The Prime Minister took Lord Howick's resignation with easy indifference. Lord John, on the contrary, was un
Lord Howick's reasons for resigning have never previously been stated.
affectedly sorry at his separation from an old colleague. He told Lord Melbourne, on the 29th of August, that he thought that Lord Howick should have heard earlier about Mr Thomson's appointment, and that he had been under the impression that he knew it. He added on the 31st that he could not say how sorry he was about Howick, and that he should try to keep friends with him. Regret, however, could not repair the evil. All that the Ministry could do was to fill up the vacant places as well as they could ; and, with Lord John's consent, the office of Secretary at War was conferred on Mr. Macaulay, while Lord Clarendon was simultaneously admitted to the Cabinet as Lord Privy Seal.
Before these arrangements were concluded Lord John had formally entered on his new duties at the Colonial Office. A Secretary of State is theoretically able to discharge the duties of his brother Secretaries, and the change involved neither re-election nor any more formal proceeding than walking into the Colonial Office, carrying with him the seals he had held as Home Secretary. The Under-Secretaryship of the Colonies was filled at that time by Sir James Stephen, one of the most remarkable men who have held high permanent office under the Crown ; while Sir Henry Taylor, the author of ‘Philip van Artevelde,' was serving in the ranks of the department. However distant and cold Lord John may have been with his supporters, he was always on easy terms with men of capacity. Sir H. Taylor wrote to Mr. Edward Villiers—
, You once asked me how Stephen and I liked Lord John's way of doing business. Very much. Very different from anything before him."
Sir H. Taylor's Autobiography, i. 265. Sir J. Stephen wrote to Lord John in December, 1839, with reference to an attack of Mr. Croker's in the Quarterly : ‘I must be prepared to pay the penalties for the situation I hold. As to such as are exacted of me by the Quarterly A'eview, I am not very anxious about then. It is utterly idle to attempt, in public life, to overtake calumny even when a man holds a substantial position with a right of self-defence. When, as in my case, the nature of his office is such as to make self-vindication impossible, without a direct breach of honour to those whom one serves, all that can be done is to expel from the memory, or at least from the recollection, the fact that such censures are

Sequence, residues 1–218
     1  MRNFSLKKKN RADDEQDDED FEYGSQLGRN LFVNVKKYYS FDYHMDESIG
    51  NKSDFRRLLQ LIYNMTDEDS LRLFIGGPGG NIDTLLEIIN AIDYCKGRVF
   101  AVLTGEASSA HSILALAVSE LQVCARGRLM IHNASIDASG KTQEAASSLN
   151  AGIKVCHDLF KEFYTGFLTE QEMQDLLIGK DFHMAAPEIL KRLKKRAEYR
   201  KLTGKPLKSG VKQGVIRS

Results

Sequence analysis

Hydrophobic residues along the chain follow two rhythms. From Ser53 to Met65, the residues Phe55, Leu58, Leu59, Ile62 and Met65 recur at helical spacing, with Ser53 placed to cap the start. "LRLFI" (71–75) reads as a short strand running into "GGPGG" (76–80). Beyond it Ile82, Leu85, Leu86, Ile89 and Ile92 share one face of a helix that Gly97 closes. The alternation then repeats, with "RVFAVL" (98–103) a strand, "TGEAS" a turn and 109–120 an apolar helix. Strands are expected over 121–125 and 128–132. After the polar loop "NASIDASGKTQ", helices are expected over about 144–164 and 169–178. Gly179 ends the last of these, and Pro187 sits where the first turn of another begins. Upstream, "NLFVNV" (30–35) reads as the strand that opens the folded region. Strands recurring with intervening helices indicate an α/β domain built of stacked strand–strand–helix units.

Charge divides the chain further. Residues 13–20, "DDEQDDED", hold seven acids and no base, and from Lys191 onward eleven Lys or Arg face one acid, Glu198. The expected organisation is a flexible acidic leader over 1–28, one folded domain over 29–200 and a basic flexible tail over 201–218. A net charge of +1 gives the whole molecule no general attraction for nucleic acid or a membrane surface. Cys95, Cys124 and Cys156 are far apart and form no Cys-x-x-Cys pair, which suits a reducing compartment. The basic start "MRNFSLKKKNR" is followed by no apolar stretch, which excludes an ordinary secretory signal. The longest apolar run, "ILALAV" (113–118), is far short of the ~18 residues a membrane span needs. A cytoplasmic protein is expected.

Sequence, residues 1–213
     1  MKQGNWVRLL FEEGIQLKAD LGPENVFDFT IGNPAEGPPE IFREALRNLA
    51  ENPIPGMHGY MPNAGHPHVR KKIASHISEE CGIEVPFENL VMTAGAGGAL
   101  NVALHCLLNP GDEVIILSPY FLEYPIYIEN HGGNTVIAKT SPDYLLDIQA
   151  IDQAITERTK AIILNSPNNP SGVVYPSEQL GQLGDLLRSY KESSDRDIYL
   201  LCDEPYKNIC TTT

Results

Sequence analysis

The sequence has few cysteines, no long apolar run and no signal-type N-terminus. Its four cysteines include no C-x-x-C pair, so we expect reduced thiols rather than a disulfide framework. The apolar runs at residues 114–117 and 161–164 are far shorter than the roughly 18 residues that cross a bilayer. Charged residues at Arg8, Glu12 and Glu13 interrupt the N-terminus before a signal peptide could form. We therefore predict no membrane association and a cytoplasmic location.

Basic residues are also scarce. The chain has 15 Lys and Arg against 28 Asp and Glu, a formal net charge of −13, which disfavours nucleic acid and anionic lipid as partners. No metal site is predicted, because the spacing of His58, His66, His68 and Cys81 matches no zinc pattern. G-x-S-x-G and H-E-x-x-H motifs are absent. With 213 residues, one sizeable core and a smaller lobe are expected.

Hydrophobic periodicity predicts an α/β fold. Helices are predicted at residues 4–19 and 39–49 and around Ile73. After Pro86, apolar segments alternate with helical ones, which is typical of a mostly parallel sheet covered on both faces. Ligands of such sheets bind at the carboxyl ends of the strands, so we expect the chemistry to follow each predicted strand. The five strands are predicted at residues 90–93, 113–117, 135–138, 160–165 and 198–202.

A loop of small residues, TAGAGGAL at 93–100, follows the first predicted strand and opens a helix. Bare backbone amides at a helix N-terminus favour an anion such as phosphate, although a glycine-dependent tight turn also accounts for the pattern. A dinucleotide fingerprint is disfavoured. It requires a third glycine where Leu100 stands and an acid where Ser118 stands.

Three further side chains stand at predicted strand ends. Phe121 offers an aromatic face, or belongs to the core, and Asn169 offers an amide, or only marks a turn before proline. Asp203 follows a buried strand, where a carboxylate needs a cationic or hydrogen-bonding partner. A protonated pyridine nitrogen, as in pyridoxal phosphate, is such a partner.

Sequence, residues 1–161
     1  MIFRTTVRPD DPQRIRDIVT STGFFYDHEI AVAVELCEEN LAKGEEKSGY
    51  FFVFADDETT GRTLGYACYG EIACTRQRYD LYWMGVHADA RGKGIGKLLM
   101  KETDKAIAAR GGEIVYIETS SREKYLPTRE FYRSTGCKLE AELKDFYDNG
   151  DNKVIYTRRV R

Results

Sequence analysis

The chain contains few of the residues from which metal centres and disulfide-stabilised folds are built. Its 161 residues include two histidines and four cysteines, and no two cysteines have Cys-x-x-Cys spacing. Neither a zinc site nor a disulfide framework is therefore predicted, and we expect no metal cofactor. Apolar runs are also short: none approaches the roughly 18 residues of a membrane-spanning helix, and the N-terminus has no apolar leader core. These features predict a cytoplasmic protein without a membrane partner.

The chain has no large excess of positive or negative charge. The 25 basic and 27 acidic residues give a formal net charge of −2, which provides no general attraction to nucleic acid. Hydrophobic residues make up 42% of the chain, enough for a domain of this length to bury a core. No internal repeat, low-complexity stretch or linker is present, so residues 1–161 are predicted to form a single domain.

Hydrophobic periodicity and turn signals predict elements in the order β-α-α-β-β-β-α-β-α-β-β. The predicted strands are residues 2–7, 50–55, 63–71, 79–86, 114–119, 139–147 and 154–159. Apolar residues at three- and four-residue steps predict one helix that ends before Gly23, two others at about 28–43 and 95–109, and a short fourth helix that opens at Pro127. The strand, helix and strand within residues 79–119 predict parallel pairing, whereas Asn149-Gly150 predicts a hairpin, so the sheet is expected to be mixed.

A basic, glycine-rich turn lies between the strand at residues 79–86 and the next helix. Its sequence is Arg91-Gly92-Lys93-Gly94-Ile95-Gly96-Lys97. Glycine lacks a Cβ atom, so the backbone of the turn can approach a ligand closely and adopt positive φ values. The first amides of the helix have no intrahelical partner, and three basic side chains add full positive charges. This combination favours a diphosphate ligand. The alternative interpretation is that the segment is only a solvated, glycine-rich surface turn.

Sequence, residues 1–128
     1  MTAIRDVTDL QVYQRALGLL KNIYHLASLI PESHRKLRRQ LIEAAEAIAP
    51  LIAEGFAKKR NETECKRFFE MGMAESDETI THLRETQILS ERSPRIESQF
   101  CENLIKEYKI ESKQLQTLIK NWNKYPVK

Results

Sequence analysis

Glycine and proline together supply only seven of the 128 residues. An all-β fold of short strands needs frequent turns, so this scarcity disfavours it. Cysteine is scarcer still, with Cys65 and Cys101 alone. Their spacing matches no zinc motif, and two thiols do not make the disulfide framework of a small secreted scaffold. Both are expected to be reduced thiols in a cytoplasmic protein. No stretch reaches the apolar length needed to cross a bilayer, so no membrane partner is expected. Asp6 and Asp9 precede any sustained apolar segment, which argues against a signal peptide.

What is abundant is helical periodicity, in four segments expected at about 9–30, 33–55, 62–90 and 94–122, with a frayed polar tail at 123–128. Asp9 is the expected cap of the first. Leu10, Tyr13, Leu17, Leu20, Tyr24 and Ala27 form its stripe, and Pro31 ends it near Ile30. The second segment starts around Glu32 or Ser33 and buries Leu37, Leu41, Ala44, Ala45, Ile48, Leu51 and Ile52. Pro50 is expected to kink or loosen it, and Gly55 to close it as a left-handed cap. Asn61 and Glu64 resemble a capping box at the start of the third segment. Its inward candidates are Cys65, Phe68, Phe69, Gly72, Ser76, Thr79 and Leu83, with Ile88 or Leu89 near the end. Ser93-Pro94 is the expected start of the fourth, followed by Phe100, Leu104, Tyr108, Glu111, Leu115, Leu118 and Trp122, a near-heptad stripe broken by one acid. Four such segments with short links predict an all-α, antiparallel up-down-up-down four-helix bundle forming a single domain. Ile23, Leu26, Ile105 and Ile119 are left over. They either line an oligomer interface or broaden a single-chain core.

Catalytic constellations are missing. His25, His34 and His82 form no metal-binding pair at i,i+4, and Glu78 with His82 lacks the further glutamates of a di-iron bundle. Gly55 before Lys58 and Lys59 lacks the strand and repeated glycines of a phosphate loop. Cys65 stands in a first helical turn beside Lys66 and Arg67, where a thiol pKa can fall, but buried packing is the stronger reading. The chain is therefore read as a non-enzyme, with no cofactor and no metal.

VOL. I. Z
Writing in 1840, Lady Holland said—
You bewitch by your frankness and courtesy several Tories who go officially to you. For instance, Lord Harewood declares he cannot trust himself, as he returns from each interview so won, that he fears he will not be able to continue his hostility. You judged well in your choice of an office, unless it half kills you from fatigue.
Mr. Burge, the agent for Jamaica, thus testified to Lord John's capacity :—
Lord John Russell is by far the best Secretary of State we ever had to deal with."
Mr. Greville wrote in stronger language:–
His reputation in his office is immense, where all his subordinates admit that colonial affairs were never so well administered.”
Mr. Ellice said in the House of Commons in 1845–
It is scarcely possible to speak with temper of the weak and inconsistent measures of the department from the very outset of this transaction. The only lucid interval in the management appears to have been when my noble friend the member for the City of London held the seals. He dealt with the strange treaty of Waitangi and with the concerns of the New Zealand Company according to the plain rules of common sense.”